Maybe this particular individual has not be approved as a Camping MB counselor? Only persons approved by the district advancement chair (or the MB dean he has appointed) can serve as a counselor and approve a boy's completion of MB requirements.

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While there are no age requirements on merit badges and we need to treat each and every Scout as an individual. There are as they say different courses for different horses. Some merit badges that a Lad can go for and earn with having just an interest in the subject.

I can't see any reason why a Lad who has an interest in dogs can't work on the requirements and earn the badge. I don't think most troops are going to use dog care as a theme for the month (They of course could.) However the camping merit badge touches on so many other aspects of the program that almost every outdoor activity scouts do is encompassed in the requirements.

While it might be OK for a Troop that is about a year old to use the night count toward the Camping Merit Badge, the requirements are a little more detailed and a step above the requirements needed for First Class rank.

Merit Badge Counselors can come from within the unit or from the District, but all must be passed by the District Advancement Committee. Nearly all the Troops in the District I serve have a "In-house Merit Badge Counselor" for the camping merit badge.

While I feel sure that there are Troops that download the worksheets from the net and then work their way through the requirements, which is "Legal". I think that they are missing a great opportunity to use the merit badge and the requirements to make their troop meetings more interesting and keep the older Scouts active.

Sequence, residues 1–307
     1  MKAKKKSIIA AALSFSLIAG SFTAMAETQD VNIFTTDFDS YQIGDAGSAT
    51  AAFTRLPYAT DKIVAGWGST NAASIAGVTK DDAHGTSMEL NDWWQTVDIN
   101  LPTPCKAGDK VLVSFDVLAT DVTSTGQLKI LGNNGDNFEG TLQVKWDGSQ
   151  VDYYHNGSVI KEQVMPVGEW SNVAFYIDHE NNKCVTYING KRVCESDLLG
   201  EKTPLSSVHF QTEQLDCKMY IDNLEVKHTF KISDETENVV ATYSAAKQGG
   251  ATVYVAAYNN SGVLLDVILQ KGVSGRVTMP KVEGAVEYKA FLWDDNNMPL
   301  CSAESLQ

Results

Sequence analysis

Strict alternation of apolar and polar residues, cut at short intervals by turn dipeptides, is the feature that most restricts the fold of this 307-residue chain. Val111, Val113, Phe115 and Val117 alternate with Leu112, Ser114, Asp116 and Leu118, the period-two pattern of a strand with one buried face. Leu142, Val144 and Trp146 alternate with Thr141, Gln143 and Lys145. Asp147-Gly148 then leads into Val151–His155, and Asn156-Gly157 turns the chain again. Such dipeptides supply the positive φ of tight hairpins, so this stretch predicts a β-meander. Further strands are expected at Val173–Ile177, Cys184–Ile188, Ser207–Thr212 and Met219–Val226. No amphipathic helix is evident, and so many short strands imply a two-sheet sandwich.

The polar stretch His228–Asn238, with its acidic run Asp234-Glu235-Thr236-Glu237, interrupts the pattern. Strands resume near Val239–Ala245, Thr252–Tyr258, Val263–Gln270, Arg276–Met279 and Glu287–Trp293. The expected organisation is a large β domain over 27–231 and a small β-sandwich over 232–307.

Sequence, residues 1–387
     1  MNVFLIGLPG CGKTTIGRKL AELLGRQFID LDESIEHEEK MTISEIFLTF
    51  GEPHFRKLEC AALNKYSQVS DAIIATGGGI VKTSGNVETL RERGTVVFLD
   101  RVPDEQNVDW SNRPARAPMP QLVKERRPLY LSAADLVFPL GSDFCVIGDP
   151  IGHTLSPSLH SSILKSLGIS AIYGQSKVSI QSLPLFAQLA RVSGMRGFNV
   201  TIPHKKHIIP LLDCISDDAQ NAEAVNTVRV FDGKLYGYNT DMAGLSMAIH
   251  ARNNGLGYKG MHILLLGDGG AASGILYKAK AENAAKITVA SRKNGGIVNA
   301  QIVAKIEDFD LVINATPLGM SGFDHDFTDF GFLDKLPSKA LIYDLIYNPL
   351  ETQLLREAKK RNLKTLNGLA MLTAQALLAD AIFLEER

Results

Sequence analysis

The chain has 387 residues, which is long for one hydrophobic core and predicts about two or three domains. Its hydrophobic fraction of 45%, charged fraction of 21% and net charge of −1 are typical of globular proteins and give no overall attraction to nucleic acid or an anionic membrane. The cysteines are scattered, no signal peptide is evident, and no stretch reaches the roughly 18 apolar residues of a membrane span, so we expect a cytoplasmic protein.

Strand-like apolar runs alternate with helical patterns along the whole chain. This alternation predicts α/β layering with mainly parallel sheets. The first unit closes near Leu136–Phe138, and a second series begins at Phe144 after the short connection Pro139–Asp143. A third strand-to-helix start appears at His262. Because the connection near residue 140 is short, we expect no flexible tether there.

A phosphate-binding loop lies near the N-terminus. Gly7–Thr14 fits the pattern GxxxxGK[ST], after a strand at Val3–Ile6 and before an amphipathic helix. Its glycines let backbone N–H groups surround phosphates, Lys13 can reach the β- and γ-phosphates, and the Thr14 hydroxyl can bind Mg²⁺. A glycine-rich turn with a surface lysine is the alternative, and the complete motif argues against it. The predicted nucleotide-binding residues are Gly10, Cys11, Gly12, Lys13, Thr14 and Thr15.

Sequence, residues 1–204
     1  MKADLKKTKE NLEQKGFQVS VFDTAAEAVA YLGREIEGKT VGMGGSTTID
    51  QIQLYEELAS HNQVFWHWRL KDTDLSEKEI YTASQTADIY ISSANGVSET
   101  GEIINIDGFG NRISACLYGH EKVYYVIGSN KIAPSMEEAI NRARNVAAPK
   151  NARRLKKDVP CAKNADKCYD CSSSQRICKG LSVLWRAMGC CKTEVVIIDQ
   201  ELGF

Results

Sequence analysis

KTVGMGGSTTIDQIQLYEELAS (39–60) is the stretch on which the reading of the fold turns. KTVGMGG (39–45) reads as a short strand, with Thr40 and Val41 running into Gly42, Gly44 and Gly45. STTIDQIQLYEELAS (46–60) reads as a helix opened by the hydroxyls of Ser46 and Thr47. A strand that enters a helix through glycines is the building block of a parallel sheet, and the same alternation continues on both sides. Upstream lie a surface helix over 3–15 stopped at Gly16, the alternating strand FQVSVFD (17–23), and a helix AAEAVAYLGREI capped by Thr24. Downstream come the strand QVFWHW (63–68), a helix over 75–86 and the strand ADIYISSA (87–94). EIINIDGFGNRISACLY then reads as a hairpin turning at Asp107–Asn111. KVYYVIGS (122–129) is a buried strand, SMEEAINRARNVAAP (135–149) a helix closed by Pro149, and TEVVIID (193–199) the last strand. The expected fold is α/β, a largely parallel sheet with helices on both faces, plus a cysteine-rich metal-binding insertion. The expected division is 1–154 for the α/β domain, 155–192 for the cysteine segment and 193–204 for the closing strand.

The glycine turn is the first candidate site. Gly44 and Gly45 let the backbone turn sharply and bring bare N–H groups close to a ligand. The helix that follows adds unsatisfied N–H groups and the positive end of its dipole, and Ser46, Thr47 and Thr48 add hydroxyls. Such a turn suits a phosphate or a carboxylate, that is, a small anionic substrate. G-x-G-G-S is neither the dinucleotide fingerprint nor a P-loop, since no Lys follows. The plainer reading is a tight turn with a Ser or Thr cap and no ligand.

When I see a Scout with the camping merit badge, I assume that he is a first rate camper, with a fair amount, if not a lot of camping experience. It would be a rare find to see a Lad who has only been in the Troop for a year with this experience, not impossible but rare.

If we play our cards right the Scouts will be with us for approx seven years, I don't think we need to rush things. I also have some concerns about little Lads maybe not really understanding or respecting how dangerous things like liquid fuel stoves can be. Again this depends on each individual Scout.


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I should have also said, welcome to the forums. We're glad you're here. I didn't mean to come across with a troubling tone. I was just trying to suggest a general rule for dealing with these situations, which is to read the words in the plain way they're written. There seem to be a lot of questions from people who try to find other interpretations. I now realize you are not one of those, so my apologies.